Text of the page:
There’s an old myth (going back to Dr. James Parkinson – 1817) stating that people with Parkinson’s are generally weak. This is a MYTH and has been proven false. Just start boxing with a person with PD and you’ll find out real quickly that they are generally quite strong.
Strength training is a vital component of any exercise program. However, traditional strength training will not be our focus.
Instead, we focus on what we call “functional training.” Let’s say, for example – a person with Parkinson’s falls down. Do they have the strength to do what it takes to navigate back to safety? While they may be strong in some respects, it is not uncommon to find that a person may not have the ability to roll over. Next, they may have difficulty getting onto all fours and crawling back to safety – or getting up to standing position and finding safety.
We focus on “foundational movement patterns” – sometimes referred to as “Primal Movement Patterns.” Dr. Pery Nickelston (www.stopchasingpain.com) taught me some amazing patterns to help develop the kind of strength that allows a person to go from lying on the floor to standing up – safely.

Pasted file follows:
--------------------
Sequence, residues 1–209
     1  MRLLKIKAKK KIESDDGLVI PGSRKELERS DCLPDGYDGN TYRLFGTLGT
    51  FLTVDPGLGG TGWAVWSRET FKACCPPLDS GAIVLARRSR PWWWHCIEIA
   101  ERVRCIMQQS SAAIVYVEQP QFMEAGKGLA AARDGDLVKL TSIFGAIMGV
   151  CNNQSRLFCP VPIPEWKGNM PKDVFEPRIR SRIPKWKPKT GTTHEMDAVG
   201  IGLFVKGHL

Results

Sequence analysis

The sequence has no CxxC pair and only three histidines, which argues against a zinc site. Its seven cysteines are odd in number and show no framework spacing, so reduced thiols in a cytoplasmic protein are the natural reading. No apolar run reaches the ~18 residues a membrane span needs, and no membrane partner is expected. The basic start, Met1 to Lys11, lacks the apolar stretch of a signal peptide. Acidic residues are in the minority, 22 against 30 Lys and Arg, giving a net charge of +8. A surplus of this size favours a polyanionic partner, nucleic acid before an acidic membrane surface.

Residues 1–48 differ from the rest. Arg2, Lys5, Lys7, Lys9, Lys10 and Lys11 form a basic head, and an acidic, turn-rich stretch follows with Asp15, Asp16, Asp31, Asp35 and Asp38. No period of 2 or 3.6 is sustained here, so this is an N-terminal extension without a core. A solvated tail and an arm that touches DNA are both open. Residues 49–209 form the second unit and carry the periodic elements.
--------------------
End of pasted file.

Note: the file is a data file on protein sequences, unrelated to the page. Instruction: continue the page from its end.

I have modified the patterns for people with PD.
Remember that we WE teach in this course is what WE find to work most effectively. It doesn’t mean it’s the ONLY way. We teach what we like and our people like.
Babies develop the ability to walk through a series of progressions. First, they learn to extend their head off the ground. Next, they learn to roll over. Soon, their up on all fours and starting to crawl. After that, they pull themselves up and stand. Then – the big one – they WALK – and then they run.
We use this progression of movements to retrain the body on primal development patterns. Plus – this type of training is SO good for overall strength.